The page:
Anchoring? Exactly. I noticed my wife and daughter’s tendency to remark how something they bought for 25% off was a bargain. Perhaps, but was it a value? I tried to walk them though the process merchants use to price their goods, setting an anchor value in our minds. If the ‘sticker’ price of an item is $200, it surely must be a great deal at $100, no? Well, no, not when it’s a sweatshirt that’s hardly worth even $50. You get the idea.
How did Netflix stumble? In a sense, by offering too much value, and then trying to raise their price after the fact. They recently announced that the current plan of unlimited streaming and one out at-a-time DVDs which currently cost $9.99 will be split into two plans, each $7.99, or $15.98 to keep the current features. What I find so curious is that the DVD plan has a lot of value, $30 or so, I’d say. We have a RedBox at our supermarket, but it’s 10 miles round trip, so that $1 rental pushes $5 when we get a DVD for a specific night and not during a regular shopping trip. On the other hand, I can flip the Netflix around fast enough to get 8 in a good month, just over 6 on average. Unfortunately, Netflix had me trained that the DVD plus streaming was worth the $10 I was paying, and any increase just felt like a rip-off. We weren’t using streaming that much, so by breaking out the service to 2 plans, I’ll actually pay less as I’ll drop to the $7.99 plan, now an even better deal for us.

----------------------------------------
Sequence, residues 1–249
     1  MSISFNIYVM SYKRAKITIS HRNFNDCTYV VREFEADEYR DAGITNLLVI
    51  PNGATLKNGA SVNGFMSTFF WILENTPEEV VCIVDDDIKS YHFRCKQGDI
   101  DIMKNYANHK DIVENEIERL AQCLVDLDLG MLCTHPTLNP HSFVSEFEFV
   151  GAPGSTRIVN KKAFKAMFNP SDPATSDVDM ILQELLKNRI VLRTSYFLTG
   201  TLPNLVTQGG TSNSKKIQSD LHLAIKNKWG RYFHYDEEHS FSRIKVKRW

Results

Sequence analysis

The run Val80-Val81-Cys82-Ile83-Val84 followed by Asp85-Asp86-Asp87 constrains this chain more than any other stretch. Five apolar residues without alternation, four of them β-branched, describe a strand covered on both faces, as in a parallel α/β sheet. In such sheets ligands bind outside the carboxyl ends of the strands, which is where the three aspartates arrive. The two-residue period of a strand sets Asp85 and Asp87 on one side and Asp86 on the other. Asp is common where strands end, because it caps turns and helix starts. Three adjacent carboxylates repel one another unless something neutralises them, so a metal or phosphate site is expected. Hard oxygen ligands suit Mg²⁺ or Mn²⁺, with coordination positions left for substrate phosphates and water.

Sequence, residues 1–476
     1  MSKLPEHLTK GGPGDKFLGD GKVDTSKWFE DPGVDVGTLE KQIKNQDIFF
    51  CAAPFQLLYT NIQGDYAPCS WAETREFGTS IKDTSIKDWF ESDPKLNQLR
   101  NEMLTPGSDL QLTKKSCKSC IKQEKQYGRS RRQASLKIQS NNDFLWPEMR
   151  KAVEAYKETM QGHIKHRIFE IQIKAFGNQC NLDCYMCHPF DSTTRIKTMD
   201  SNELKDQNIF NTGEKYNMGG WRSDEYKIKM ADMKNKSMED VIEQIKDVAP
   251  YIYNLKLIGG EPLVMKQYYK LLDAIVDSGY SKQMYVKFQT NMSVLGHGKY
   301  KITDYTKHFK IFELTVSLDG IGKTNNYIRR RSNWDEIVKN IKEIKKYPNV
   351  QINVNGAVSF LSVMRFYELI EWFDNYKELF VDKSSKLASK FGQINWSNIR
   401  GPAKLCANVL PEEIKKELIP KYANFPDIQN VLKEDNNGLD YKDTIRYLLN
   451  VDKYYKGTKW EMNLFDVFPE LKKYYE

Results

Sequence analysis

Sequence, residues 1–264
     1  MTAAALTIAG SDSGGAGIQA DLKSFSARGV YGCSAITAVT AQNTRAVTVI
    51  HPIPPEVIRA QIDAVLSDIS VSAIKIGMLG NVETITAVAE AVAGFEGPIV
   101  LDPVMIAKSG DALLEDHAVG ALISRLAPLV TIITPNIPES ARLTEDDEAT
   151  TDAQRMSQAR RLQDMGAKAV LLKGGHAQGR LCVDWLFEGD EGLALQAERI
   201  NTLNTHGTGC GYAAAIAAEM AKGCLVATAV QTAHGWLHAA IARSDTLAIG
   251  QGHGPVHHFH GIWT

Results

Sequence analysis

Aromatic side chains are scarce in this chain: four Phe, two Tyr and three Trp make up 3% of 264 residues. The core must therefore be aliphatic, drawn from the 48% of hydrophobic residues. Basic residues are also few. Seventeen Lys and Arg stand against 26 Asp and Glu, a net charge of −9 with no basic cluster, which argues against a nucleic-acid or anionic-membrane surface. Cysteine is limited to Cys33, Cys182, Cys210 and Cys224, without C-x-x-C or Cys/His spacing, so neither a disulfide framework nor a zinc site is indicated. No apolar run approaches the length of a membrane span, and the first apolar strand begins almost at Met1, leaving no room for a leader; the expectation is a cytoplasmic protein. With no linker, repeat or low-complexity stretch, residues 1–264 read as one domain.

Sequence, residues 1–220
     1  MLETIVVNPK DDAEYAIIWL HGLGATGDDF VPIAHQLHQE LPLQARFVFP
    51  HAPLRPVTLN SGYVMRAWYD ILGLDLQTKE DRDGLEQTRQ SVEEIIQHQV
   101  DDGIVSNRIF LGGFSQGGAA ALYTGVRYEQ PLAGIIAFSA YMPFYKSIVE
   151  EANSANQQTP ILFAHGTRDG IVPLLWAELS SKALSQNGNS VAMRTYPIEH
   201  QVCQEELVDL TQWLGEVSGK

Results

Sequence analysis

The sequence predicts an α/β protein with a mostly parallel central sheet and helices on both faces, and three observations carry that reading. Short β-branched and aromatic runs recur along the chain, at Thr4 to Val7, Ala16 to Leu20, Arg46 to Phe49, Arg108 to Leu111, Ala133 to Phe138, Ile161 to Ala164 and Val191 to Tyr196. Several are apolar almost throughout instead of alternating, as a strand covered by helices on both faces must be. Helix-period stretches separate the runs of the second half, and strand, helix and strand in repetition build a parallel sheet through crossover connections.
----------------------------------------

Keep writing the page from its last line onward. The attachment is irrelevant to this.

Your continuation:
Are you a Netflix customer? Will you change your plan after this price increase goes into effect?